T., thanks for your comment. I think it was a wise to remain anonymous, mostly because I continue to be amazed at how poorly all of this has been handled beginning with Litsa Dremousis’s involvement and NPR’s coverage of the women’s stories. I met Sherman almost ten years ago, and the email correspondence I’ve had with him, including me breaking things off with him after a one-time consensual encounter at his hotel, would probably support his defense. He was married so it didn’t feel right to me (yes, I think there’s some personal accountability in that kind of situation), but there was no coercion or anger expressed in person or through any correspondence with him. After, I continued to attend his readings when he came to town, and he would still sometimes email me from the airport on his way out of Spokane, for example, to ask how I was doing. That said, I understand that one person’s relationship with someone doesn’t preclude someone’s involvement or perceived entitlement with other people. In case you think my only purpose here is to protect Sherman, you should know that I reported what I considered to be my personal relationship with him to SCBWI through the link posted after the anonymous allegations came out against him in the comments section of the SLJ Children's Publishing Reckons with Sexual Harassment in Its Ranks. (I used the email address that SCBWI probably has on record with my former last name, same initials as above.) Although I made it clear I didn’t consider myself a victim, I felt it was important to share in case something in my story with Sherman fit a larger pattern of more troubling behavior with other women. While I’m interested in the well-being of the women involved, from the outside, there are many problems with the way this whole situation has been handled. For what it’s worth, here’s my opinion so far: I think AILA has every right to make decisions for their organization based on the objectives they hope to meet through their recognition. It’s also possible they have additional information that influenced their decision to rescind Sherman’s 2008 Book of the Year Award. As for the rest of us--we lack enough clear information to draw many reasonable conclusions from this mess. Sadly, Litsa Dremousis, who was not forthcoming from the beginning about her own consensual sexual relationship with Sherman has only hurt the credibility of the women choosing to speak out against him. Whatever the motivation, Litsa chose to insert herself into this narrative and we have little indication what she alleged has been proven. She claimed to have verified dozens upon dozens of harassment stories as “100% credible,” while receiving emails from women she was (for some bizarre reason) funneling to NPR. Is this their typical reporting procedure? Based on their own NPR accounts, none of the three women that spoke on out were sexually assaulted by Alexie. But were they sexually harassed by him? Bullied or threatened? The accounts need to be looked at individually. Jeanine Walker seemed surprised that Sherman was interested in her beyond her poetry and basketball skills, yet she also admitted her only real interest in him was to advance her own publishing ambitions. He asked to kiss her, didn’t when she said no, and later apologized. Doesn’t seem to fit the definition of harassment. Erika Wurth traveled to one of Sherman’s readings upon his request, walked back to a hotel with him and agreed to go to his room after he kissed her in the lobby. In his room things ended when he picked up on her non-verbal objection to his advances. Yet, several years later she had another sexual encounter with him that ended badly? My inclination was to dismiss it because it seemed that she chose to put herself in that position with him again. A series of consensual choices hardly sounds like harassment, but maybe he was bullying and threatening in the angry email exchanges afterword...we didn’t really know. Later on her twitter account, however, Erika filled in some essential details about their second encounter. Sherman apparently lured her around her apartment building and pushed her up against a wall. How did NPR miss THAT critical piece of verifiable information? It involved a chipped tooth for heaven’s sake! And yes, that’s assault. Of the accounts given on NPR, Elissa Washuta’s seemed the most problematic. Sherman’s vulgar comment to her at the restaurant could absolutely be perceived as threatening. Hopefully he said it loud enough that someone else at the table witnessed his reprehensible behavior. Worse, Sherman and Elissa later worked together as colleagues at IAIA. On NPR she said he tried to lure her to his hotel room at a conference they both attended. Jacqueline Keeler later wrote an article in which Elissa described Sherman’s pathetic attempt at seduction--sending a picture of the bed in his hotel room with a box of condoms on the nightstand. Fortunately, that’s easily verifiable. Unfortunately, NPR didn’t seem to verify it. So if Litsa and a handful of other women had the intention of rallying grievances of every kind against Sherman--they succeeded. Among them, criticism of his writing, his speaking topics to adult audiences, his perceived arrogance, and his supposed obligation to promote other Native writers. However, these things have only detracted from the harassment/assault allegations. That said, it’s good that some blatant problems have been addressed, including Native American tokenism in publishing and the dependency of Sherman as a gatekeeper in the literary world. Also obvious--the need for dependable reporting options for all women writers, but especially Native American women who statistically run a higher risk (2.5 times other racial groups) of sexual harassment and assault. T., I understand many of the concerns you mentioned in your comment, but without more information, I honestly don’t know how I--or anyone else--would evaluate your experience with Sherman. I do know that in order to assess any harassment/assault situation, women deserve the best reporting methods and most complete, verified coverage possible from dependable sources. As ground-breaking and necessary as the Me Too movement is, I worry that some people are giving in to blind belief based on hearsay that is easily distorted, manipulated and magnified in our digital age. And I do know this: poorly handled news coverage with ill-fitting personal accounts of perceived harassment will only hurt the Me Too movement in the long run. We all need to do better.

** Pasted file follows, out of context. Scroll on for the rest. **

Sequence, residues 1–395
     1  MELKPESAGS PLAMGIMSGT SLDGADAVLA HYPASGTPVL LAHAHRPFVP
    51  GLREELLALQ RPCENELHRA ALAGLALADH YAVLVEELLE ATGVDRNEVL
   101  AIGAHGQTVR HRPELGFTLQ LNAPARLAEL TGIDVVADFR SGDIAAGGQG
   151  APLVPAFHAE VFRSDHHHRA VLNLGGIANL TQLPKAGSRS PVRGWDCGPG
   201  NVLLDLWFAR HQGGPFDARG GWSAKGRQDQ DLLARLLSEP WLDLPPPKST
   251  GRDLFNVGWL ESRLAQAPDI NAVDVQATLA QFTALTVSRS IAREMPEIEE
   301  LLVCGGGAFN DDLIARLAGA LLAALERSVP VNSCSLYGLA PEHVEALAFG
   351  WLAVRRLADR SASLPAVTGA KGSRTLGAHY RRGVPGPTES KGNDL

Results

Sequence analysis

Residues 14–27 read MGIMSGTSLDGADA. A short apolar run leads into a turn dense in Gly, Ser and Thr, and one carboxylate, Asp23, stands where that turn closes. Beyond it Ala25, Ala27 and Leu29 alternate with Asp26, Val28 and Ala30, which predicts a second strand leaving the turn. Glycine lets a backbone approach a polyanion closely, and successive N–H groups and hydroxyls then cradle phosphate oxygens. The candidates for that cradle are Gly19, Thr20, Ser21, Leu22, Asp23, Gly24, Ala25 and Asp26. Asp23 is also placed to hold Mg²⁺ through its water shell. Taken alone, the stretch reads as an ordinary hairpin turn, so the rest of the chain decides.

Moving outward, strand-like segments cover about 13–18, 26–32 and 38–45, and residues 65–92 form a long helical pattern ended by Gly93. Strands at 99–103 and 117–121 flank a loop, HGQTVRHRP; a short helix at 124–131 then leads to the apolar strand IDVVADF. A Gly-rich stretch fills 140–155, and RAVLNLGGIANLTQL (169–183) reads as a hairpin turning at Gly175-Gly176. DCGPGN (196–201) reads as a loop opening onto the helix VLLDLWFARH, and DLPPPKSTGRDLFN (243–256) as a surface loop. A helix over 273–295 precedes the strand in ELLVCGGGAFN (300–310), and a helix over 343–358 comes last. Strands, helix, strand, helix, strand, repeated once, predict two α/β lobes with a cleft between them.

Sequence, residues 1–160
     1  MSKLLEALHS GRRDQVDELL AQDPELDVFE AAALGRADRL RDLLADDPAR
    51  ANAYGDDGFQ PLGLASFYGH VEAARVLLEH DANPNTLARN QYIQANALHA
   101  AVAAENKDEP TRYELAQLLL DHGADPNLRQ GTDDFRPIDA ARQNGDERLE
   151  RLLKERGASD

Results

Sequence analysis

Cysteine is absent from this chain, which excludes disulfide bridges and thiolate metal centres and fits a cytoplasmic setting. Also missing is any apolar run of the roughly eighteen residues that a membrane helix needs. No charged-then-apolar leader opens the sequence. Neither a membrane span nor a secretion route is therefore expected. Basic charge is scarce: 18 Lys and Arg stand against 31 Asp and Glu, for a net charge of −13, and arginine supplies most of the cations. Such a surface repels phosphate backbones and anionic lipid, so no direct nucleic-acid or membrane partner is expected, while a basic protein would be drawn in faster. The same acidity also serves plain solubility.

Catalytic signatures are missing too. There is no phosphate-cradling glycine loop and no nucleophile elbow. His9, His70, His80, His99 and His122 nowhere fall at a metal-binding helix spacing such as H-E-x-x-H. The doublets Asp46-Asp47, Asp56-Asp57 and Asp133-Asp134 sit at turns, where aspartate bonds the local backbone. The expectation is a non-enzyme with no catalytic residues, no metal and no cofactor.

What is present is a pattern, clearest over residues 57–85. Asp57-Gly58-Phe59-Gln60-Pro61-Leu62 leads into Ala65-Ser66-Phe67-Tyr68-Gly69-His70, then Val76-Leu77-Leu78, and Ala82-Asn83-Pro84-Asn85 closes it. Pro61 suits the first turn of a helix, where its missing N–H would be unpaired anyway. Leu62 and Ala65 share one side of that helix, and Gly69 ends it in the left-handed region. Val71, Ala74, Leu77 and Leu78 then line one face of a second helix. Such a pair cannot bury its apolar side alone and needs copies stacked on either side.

Posted : Mar 28, 2018 02:33